Does a graduate have to choose one or the other, a first class degree or a lesser grade with a deeper awareness of life? Scientist Lord Winston seems to think so.
His view that he would never employ a graduate with a first because it indicates a narrow approach to life perhaps may not hold much water if your career goal is academia but if you are looking for a job in say banking, finance, marketing or advertising life skills do matter as well.
Here are 3 reasons why we say that a 2:2 with work experience has more job clout than a first class degree.
1. The amount of non-academic experience you need depends on where you want your career to go.
According to a Telegraph poll, a second class honours neither aided nor prevented people like celebrity presenter Esther Rantzen, BBC business editor Robert Preston and author Fay Weldon from progressing with their careers, but the latter did say that the two students awarded with a first in her economics class went on to become Mrs Thatcher’s top economists – so clearly the first helped though we do not know what other skills or experience these grads had to offer.
2. A degree alone will not help you, and a poor one can strip your confidence.
Many of the celebs and business people asked by the Telegraph about how their second class degree aided them in life didn’t think that it made much difference other than to make them feel a tinge of shame. Others confessed that as they didn’t spend much time studying at uni they got what they deserved. It certainly didn’t make them feel more endowed with the skills and knowledge needed for the world of work.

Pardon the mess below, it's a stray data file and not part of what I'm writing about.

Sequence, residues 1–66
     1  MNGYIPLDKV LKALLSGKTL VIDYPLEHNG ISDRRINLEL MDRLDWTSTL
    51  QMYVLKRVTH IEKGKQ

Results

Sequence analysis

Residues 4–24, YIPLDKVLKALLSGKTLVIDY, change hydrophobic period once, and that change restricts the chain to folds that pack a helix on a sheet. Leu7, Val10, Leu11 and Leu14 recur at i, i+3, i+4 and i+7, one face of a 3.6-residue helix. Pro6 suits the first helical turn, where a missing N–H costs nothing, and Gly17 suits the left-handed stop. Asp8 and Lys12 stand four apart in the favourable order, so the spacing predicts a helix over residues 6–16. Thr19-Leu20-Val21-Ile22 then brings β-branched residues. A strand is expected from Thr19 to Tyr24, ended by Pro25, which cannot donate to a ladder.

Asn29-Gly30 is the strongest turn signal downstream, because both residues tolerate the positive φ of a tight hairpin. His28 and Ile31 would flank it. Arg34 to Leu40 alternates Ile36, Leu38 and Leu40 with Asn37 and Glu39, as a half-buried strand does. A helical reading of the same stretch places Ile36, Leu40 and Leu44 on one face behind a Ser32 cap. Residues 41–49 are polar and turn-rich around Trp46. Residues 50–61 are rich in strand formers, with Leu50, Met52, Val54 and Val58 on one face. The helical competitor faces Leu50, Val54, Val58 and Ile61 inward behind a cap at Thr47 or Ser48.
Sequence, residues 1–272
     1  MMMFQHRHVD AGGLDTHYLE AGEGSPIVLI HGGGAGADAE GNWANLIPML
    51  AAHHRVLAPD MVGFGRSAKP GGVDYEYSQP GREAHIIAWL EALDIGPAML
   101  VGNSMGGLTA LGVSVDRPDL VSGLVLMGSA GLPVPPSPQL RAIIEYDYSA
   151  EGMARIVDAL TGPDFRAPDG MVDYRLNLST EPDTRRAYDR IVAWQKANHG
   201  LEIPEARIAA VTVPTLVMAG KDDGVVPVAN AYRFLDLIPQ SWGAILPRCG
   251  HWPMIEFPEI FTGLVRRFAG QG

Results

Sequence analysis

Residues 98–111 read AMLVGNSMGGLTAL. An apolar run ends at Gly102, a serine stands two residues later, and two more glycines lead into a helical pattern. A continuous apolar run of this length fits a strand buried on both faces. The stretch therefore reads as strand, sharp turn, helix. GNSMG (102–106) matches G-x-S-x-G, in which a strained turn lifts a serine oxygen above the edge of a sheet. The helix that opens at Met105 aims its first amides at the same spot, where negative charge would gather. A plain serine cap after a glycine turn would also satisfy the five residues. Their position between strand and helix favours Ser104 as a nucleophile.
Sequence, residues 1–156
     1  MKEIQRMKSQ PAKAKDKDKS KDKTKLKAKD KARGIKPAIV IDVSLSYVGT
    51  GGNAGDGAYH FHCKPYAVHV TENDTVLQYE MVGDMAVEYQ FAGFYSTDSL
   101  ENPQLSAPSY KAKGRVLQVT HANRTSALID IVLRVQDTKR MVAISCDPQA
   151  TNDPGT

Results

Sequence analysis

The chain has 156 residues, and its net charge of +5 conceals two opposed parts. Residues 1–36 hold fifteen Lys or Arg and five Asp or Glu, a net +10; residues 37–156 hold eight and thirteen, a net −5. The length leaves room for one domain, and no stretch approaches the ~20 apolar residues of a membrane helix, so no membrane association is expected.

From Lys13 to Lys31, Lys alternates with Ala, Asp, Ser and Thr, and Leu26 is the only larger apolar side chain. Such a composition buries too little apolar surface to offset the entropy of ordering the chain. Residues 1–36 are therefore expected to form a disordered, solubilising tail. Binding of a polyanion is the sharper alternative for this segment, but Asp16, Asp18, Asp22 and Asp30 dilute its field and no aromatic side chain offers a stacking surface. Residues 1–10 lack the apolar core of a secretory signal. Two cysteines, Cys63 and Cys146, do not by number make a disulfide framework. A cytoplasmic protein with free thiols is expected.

3. It’s what you add to your degree that counts.
Part of the reason for this underlying sense of shame or regret is down to what they spent their time doing while they weren’t studying. Those with the biggest regrets spent it partying, boozing or chasing members of the opposite sex. What they did agree on as being helpful is that when it comes to finding a job and progressing in your career, hard work, enthusiasm and persistence are what counts, whether that’s toward obtaining a first class degree to help with your academic career or in settling for a 2:2 so that you can spend more time acting in drama productions, leading student union campaigns for better conditions or joining the university’s student rag as a writer, financier or marketer.
So is there some truth in Lord Winston’s view? Certainly. Employers are looking for people with character and personality who can demonstrate that they can bring something unique to the job. There are too many graduates competing for the same position for a person to rely exclusively on their degree alone with no work experience, especially when it comes to the top jobs.
It remains questionable, however, whether a graduate cannot have the best of both worlds: must a graduate forgo a good degree in exchange for vital experience and verse visa? Former politician Jonathan Aitken, who returned to Oxford to read Theology at the age of 58 and got a first, thinks one can have both.